Cromwell’s Kevin Hurley has spent six decades devoting his spare time to golf, a feat recently recognised by his clubmates.
Hurley, who was introduced to the sport at the age of 10, has been made a life member of the Cromwell Golf Club, the 19th person to receive the accolade.
Despite his love of the sport, his initial introduction to it was one of bribery, he said.
“[I was] a naughty boy,” he explained, when asked how he became involved.
“There were four of us one Sunday evening. We started riding bikes through the bunkers. I had a borrowed bike. We were ripping across the green and the local policeman, who was a golfer, caught up with us. So, it was either turn up on Saturday [to be caddies] or he would visit our fathers.”
Hurley took the caddy option, which later developed into a playing role.
“I struggled to start with because I was left-handed and left-handed clubs were very few and far between.”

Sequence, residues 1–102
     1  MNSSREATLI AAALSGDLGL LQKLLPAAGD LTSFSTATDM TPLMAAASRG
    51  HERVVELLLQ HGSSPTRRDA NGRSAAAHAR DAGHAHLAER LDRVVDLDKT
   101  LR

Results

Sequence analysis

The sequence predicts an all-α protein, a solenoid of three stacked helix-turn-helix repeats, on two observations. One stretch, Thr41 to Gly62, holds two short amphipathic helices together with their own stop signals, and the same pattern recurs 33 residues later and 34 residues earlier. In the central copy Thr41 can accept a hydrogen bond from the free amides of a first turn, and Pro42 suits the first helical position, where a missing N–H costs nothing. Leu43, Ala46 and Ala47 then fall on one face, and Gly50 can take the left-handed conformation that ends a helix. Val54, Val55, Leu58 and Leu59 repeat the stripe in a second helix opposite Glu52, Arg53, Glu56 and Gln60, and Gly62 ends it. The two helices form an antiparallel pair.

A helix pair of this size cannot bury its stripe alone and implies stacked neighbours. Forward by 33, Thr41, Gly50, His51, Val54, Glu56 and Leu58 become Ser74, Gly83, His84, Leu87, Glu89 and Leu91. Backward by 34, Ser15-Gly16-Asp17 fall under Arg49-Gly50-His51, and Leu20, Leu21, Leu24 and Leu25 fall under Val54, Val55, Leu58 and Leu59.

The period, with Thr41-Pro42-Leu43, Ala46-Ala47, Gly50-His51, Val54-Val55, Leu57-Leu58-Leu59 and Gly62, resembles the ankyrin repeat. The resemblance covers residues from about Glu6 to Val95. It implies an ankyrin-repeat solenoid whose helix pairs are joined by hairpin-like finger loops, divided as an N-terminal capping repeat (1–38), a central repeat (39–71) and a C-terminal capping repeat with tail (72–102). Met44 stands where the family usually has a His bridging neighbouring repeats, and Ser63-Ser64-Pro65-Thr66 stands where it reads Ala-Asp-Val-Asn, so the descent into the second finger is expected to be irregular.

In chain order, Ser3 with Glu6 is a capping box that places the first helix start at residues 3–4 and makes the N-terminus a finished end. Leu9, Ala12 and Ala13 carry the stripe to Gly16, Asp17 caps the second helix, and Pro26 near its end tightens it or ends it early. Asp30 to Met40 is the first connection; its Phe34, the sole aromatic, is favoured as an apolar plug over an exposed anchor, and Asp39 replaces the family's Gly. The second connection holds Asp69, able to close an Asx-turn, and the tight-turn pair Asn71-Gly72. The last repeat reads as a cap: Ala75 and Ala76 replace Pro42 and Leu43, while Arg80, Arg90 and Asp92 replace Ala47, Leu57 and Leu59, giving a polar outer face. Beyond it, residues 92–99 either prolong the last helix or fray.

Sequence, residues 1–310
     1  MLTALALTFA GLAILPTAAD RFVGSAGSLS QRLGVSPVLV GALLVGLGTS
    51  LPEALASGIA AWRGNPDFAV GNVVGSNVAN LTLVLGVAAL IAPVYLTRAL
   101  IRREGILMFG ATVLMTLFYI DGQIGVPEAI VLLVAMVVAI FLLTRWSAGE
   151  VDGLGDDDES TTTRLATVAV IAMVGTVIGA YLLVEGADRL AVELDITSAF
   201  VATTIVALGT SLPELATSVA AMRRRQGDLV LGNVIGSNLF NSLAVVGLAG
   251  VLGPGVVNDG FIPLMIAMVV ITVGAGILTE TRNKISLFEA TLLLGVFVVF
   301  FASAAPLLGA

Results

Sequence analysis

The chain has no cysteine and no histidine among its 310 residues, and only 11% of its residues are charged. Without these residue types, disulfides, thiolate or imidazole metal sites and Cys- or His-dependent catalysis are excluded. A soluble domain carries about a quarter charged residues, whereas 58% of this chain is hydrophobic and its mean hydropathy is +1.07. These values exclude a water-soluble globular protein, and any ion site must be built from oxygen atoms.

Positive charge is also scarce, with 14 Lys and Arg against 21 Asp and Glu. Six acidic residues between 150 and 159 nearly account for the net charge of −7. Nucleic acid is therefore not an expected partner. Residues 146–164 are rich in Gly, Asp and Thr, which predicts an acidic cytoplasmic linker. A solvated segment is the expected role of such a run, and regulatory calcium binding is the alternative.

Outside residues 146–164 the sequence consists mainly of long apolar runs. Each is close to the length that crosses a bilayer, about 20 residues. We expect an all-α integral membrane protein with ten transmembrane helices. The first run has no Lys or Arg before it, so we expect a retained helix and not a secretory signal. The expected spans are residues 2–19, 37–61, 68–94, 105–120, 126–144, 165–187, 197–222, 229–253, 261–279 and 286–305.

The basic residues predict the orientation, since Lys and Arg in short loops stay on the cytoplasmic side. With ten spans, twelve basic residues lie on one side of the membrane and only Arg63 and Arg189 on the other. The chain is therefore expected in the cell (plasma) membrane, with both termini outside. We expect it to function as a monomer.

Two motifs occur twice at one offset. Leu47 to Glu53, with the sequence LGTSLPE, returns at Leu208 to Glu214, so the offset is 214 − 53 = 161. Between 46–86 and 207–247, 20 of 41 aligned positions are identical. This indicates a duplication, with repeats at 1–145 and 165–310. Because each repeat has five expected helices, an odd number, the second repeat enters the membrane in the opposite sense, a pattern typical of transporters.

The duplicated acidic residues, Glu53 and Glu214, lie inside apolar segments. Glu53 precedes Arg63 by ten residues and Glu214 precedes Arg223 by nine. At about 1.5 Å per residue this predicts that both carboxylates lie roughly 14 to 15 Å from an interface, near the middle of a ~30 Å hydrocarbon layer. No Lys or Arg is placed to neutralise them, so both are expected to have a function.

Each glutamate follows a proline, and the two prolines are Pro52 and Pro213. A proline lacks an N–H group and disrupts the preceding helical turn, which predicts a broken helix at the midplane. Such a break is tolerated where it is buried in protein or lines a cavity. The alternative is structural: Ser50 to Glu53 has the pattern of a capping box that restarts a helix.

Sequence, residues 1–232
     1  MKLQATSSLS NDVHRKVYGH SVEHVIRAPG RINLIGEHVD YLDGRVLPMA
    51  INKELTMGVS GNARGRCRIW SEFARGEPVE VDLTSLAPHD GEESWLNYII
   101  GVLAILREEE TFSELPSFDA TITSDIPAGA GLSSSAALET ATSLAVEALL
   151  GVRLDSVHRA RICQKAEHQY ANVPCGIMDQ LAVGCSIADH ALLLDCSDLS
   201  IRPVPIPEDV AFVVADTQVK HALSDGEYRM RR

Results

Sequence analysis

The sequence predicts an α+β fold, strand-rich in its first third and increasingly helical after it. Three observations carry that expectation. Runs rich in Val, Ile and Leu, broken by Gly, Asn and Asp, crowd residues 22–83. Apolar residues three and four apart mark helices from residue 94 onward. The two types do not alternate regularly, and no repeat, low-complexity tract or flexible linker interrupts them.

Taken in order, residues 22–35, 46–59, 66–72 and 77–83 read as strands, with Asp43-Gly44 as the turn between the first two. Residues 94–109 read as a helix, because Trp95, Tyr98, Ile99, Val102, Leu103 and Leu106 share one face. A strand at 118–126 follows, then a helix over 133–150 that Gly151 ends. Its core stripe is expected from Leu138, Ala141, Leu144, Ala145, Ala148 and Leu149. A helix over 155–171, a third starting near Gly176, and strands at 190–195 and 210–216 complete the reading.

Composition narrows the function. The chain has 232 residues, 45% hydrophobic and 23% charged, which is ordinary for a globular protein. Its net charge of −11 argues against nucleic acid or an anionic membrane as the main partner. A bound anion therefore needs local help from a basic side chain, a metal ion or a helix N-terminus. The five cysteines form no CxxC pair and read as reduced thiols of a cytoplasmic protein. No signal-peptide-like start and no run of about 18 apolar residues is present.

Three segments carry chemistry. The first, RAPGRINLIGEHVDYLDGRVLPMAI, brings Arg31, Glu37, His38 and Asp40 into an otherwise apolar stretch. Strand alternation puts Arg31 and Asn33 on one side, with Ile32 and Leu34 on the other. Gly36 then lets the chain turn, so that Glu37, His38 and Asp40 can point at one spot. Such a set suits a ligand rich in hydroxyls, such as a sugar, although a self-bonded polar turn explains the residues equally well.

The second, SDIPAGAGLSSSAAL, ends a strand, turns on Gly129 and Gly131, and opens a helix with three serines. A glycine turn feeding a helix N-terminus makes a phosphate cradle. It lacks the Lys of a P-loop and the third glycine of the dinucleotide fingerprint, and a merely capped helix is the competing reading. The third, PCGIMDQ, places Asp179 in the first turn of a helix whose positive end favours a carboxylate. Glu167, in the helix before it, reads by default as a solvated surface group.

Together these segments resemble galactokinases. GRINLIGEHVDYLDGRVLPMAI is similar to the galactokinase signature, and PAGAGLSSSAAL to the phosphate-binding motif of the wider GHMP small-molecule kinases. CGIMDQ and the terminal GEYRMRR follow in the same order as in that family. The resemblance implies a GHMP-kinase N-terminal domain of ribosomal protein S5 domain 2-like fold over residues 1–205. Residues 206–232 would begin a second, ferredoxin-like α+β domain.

However, a purchase of left-handed clubs made his life easier and has since resulted in a regular round of golf up to two times a week.
Hurley and his wife, Gloria, moved to Cromwell from Dunedin in 1978.
He has been senior champion 12 times, has also won “a number” of mixed competitions and has accomplished seven holes-in-one, including on all the current par-threes.
Although they are moments that remain etched in his memory, one of his most memorable golfing highlights over the years was being runner-up to Ron Timms in the senior championships at St Clair – just before Timms turned professional.
Hurley took him to the last hole and later caddied for Timms during his exhibition match against Sir Bob Charles in Timaru.
It is the social aspect he enjoys most about the sport.
The club, which is home to about 250 golfers, celebrated Hurley’s achievements at a recent ceremony.
Outgoing club president Wayne Dixon said Hurley’s contributions to golf had not just been restricted to the course.
“He was president of the Cromwell Club in 1996 and has had nearly three stints as club captain.
“Kevin has also taken an active role in course working bees and over the years could often be seen pruning, spraying or overseeing the burning of dead trees [and] prunings, etc.”